Health & Medicine

When dealing with elderly parents

I recently met up with a woman I’ve known for many years. She appeared tired, as if she’d had lots of stress. “I just returned from the Midwest where I’ve been helping my parents,” she explained. “Dad died a few weeks ago and Mom needs to be moved. I was there for six weeks. I’ll have to go back again soon.”

This woman certainly isn’t alone. Over 13 million baby boomers are providing care for their sick or elderly parents. And the number is expected to rise. Not only are the elderly living longer but they are also surviving conditions that leave them in a debilitated state longer than ever before.

Most boomers are shouldering this responsibility without complaint. My own personal sentiment and my observation of others is that we feel privileged to be able to assist our aging folks. One study from the University of Southern California’s Leonard Davis School of Gerontology found that the generation born in the 1950s and 1960s are more committed to caring for aging parents than their own parents were.

But this willingness comes at a cost. Baby boomers themselves are not young. Many are entering retirement or have set aside plans as recent empty nesters to take on this new role. And, as a group, their health is less than stellar. Americans in their 50s report poorer health, more pain and more trouble completing everyday tasks than their parents reported at the same age in years past.

Caretaking is also frustrating. A mother with dementia can be irrational and angry when her adult children visit. A father who is recently widowed might refuse to have a housekeeper clean his home but expect his daughter to stop by three times a week to buy groceries and help with chores.

Caregivers frequently feel overwhelmed by their duties. Yes, they want to be available to their folks. But chances are they have jobs and families of their own. Caring for parents may require travel and extended visits. Health problems necessitate hours at doctors’ offices, administering medications, or researching treatment options online.

Some receive minimal appreciation. Elderly parents can be unhappy, depressed or demented and sometimes make thoughtless, hurtful comments to those trying to help.

Guilt is likely to be added to the emotional equation. Adult children want to make things better for their folks, yet feel badly when they can’t fix all the problems. They may question, “Am I doing enough?” or feel angst because they choose to go to Disneyland with the grandkids one weekend instead of staying home with Mom.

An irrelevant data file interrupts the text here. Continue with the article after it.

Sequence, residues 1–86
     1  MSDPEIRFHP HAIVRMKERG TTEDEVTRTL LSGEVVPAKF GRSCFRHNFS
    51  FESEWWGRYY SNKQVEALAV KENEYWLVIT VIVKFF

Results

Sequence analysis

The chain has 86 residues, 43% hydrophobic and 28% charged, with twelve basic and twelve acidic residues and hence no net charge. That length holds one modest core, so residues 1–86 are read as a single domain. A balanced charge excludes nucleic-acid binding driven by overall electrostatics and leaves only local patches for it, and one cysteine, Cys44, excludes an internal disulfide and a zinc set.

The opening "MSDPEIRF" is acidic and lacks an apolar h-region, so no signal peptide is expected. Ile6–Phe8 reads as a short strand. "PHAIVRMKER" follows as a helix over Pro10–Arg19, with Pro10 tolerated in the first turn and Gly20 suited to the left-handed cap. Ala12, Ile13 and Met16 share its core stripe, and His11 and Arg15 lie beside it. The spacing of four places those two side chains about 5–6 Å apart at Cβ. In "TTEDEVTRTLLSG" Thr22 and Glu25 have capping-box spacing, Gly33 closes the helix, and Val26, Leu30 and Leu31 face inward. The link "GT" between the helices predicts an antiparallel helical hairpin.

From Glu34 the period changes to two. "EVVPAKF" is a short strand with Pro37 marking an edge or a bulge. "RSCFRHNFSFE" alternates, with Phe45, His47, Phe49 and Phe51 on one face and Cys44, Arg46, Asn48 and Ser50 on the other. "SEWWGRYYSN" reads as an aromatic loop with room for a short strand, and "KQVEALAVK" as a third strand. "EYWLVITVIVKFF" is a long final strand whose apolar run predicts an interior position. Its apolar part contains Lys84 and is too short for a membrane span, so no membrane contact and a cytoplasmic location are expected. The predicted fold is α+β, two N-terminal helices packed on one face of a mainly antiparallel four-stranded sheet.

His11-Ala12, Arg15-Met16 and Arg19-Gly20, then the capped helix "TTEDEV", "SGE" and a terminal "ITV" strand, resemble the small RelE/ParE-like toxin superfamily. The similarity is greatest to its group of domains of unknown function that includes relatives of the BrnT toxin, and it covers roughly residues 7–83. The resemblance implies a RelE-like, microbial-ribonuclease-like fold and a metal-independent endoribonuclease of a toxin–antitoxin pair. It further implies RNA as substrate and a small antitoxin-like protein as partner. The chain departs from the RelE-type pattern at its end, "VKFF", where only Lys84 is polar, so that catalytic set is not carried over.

It’s not unusual for siblings to experience conflict and resentment as a result of their caretaking responsibilities. One sibling may assume the lion’s share of the duties while a sibling from out of state pops in for visits once or twice a year. Brothers and sisters may even be critical of the custodial sibling’s actions. They might second guess a medical decision or disagree with the plan to put their father in assisted living.

Parents compound the problem by telling different stories to different children. A woman may complain and cry when her daughter asks how she’s doing, yet tell her son, “I’m doing great. No need to worry,” when he calls later that same week.

As with so many family issues, there is no easy answer. Each unit must tend to its unique circumstances and address needs as they arise. Hopefully, members will work together to provide comfort and care for their elderly parents, meanwhile modeling values for the next generation to follow.

Caregiving while caring for yourself

Are you caring for an elderly family member? Consider these strategies to minimize stress and maximize effectiveness:

• Accept your situation. It’s difficult to deal with a parent who has Alzheimer’s or who is in failing health. Still, you can’t pretend it’s not happening. Recognize this final stage of your parents’ lives and assist them however you can.

• Be proactive. Don’t wait for Mom to fall in the bathtub or for Dad to lose all his money to a telephone scam. Take appropriate steps now to avert disasters before they happen.

• Set limits. You don’t have to do everything your parents want you to do. It’s OK to say no to unreasonable requests. Use a kind yet firm tone to express your love along with your backbone. • Do your fair share. If you live out of the area, call your parents and caretaking siblings regularly. Ask how they are doing and inquire how you can help. Visit as often as possible. Make yourself part of the team.

• Be able to take charge when necessary. You want your parents to be as independent as possible. But if you determine that they are unable to adequately manage their food or shelter, or that they pose a safety threat to themselves or others around them, it’s time to take swift measures to ensure sufficient care.

• Remember your own family. Caring for your parents is important. Others may need your help, too. Spouses and minor-age children remain top priority as you balance important family duties.

Linda Lewis Griffith is a local marriage and family therapist. For information or to contact her visit